I was in California last month, and I had a few hours to kill one afternoon when I was in the East Bay area so I swung by the Eastmont Mall in Oakland California. I didn’t do any research beforehand, I just saw it marked on my Rand McNally map so I toodled by.
It was worth it.
Now, let me step back a bit. Had I done some research beforehand, I might’ve heard some of the horror stories about how this is a pretty dangerous place, and a pretty tough part of Oakland. I could tell it wasn’t exactly the best part of town when I visited but it seemed OK to me–even kind of cheery–and I wasn’t even remotely scared to be prowling around. Of course, then I come home to write this article about the place and I find heartwarming stuff like a YouTube video of a drive-by shooting while it is occurring in 2006.
The Eastmont Mall–or Eastmont Town Center as it seems to be referred to nowadays–is a pretty strange mall. Built in 1970, the large two-level mall served the vast southeast side of the city of Oakland. The mall’s floorplan is relatively typical, with a “T” shape and two large anchor stores, but is a bit unusual because a long strip mall flanks the mall’s southwestern edge facing Bancroft St., and one wing of the mall protrudes through the center of the strip mall and exits to that side of the parking lot. Originally, the mall’s primary anchors were JCPenney and Mervyn’s, and a Safeway Supermarket and Woolworth were amongst the more junior tenants.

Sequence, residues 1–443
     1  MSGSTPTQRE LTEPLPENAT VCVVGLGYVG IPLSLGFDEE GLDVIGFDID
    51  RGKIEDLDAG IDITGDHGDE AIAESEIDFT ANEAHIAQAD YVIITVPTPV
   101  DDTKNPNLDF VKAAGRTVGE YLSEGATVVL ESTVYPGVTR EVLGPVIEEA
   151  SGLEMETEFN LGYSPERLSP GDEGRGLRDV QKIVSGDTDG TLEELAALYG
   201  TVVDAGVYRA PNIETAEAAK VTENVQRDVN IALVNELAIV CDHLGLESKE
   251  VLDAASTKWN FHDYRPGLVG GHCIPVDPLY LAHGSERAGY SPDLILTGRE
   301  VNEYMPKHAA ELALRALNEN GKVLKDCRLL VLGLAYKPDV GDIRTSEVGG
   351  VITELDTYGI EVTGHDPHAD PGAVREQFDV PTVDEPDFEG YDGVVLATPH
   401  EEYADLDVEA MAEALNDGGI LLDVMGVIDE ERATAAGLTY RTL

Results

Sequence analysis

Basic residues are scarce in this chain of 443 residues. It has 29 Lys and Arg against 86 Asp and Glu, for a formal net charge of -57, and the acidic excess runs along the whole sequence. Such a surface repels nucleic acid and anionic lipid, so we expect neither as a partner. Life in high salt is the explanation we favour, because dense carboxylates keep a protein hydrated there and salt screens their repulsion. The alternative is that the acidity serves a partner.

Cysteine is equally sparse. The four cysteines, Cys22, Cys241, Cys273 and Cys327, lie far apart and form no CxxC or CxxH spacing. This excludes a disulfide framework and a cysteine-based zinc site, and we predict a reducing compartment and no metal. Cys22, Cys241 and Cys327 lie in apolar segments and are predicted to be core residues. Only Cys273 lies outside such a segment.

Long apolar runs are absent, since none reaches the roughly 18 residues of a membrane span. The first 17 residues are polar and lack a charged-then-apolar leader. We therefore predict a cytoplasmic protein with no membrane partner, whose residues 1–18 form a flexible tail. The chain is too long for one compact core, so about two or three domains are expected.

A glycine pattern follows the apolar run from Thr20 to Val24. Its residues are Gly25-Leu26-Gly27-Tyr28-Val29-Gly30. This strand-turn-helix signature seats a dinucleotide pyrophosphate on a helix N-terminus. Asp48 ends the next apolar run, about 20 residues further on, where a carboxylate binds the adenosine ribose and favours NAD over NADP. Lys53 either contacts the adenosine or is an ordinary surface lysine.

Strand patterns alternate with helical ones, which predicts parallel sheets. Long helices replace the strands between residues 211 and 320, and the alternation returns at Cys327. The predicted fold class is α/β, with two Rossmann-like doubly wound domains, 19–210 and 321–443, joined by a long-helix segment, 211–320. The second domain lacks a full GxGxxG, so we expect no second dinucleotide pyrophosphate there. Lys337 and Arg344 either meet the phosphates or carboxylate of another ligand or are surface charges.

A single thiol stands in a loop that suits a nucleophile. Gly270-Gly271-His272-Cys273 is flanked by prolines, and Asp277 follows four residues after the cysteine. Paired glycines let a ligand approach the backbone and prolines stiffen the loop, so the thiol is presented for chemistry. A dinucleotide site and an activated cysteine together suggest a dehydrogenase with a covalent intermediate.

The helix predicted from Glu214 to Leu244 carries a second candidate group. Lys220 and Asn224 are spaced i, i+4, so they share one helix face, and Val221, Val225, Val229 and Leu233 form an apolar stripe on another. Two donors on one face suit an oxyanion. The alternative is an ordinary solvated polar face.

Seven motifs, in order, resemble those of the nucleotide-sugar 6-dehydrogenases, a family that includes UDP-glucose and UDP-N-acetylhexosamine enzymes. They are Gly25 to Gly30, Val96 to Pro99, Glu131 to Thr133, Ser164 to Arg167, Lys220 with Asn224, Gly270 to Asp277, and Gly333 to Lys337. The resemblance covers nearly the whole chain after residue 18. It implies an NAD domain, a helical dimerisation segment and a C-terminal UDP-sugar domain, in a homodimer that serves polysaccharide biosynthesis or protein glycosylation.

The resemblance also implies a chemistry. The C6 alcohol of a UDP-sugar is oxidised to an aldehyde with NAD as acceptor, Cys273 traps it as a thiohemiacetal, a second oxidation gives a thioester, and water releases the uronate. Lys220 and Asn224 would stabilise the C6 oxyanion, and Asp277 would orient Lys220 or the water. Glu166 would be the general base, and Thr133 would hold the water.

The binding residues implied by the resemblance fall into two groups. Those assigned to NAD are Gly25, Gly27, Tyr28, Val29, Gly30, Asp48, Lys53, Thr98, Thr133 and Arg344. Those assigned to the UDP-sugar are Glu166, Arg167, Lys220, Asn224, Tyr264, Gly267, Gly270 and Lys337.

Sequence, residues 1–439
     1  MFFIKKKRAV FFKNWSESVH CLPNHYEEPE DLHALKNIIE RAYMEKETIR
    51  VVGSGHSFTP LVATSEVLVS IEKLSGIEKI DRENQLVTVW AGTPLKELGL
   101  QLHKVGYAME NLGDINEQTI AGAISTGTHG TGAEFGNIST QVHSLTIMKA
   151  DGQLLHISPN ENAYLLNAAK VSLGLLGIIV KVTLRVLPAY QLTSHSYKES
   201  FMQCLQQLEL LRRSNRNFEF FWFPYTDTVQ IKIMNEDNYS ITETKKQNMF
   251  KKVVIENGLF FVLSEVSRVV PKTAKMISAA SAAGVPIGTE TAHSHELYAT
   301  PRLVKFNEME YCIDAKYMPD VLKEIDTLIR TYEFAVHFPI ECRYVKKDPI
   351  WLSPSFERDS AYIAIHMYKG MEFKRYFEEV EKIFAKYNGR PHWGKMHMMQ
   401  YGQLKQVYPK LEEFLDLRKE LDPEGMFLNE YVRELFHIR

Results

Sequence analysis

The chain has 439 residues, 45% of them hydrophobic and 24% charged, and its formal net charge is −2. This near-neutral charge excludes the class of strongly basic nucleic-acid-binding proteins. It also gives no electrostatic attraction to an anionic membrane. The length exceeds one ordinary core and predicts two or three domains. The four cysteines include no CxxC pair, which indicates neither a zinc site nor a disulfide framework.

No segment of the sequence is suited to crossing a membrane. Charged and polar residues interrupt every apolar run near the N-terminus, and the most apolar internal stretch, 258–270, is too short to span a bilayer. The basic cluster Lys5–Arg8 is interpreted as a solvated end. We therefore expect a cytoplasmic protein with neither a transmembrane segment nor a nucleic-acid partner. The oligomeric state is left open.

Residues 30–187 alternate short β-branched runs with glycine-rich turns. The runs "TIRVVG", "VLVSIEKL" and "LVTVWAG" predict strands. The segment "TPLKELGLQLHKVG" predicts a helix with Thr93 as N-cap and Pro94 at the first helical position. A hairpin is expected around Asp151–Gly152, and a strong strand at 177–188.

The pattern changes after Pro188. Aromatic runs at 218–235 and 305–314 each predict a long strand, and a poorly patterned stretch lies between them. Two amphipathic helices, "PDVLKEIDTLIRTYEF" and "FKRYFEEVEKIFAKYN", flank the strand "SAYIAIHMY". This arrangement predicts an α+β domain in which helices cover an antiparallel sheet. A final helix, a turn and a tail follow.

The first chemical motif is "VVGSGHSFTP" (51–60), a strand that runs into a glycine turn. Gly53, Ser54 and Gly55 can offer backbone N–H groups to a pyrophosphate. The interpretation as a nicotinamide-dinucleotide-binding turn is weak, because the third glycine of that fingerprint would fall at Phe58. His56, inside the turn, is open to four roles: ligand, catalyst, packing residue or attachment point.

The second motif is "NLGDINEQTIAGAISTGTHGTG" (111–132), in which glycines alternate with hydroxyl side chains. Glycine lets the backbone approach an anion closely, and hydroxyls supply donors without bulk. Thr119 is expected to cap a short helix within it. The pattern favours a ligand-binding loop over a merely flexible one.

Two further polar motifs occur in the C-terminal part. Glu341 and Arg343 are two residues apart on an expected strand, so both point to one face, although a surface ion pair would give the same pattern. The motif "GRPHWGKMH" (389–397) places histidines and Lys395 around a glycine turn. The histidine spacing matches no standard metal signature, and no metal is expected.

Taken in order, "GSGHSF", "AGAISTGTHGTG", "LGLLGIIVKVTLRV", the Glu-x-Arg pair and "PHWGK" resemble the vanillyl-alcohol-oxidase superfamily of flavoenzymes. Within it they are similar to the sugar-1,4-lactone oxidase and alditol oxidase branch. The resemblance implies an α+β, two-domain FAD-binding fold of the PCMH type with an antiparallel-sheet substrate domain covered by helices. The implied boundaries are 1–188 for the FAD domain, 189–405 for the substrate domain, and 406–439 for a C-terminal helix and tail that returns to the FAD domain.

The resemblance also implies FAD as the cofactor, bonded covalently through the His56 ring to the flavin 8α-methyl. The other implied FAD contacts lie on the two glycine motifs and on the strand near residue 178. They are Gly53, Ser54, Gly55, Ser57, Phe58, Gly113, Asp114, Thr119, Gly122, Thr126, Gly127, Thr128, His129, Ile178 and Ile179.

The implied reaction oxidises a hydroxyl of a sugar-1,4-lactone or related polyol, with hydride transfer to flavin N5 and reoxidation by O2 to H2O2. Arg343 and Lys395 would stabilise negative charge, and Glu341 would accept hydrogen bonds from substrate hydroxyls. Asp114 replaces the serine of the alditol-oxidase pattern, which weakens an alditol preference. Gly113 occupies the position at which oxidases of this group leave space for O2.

The mall fell into steep decline in the early 1990s when JCPenney and Mervyn’s left, and the reputation of the declining neighborhood kept most suburban shoppers away. Over the 90s, the mall was gradually converted into county offices, including a health clinic, police station, and other services (somewhat famously, there’s also a Planned Parenthood). The strip mall portion continues to house retailers, and there are a few isolated stores or cafes within the mall itself, but only a few.
Because Eastmont Mall hasn’t functioned as a true “mall” for a good 15 years, it’s retained much of its vintage early 1970s decor. This isn’t to say it’s terribly pretty–in fact, it’s a pretty plain and ugly mall. But it is stuck in a time warp, and for that reason alone it’s kind of interesting. Also, it’s available as a location to film your next movie. What’s not to love?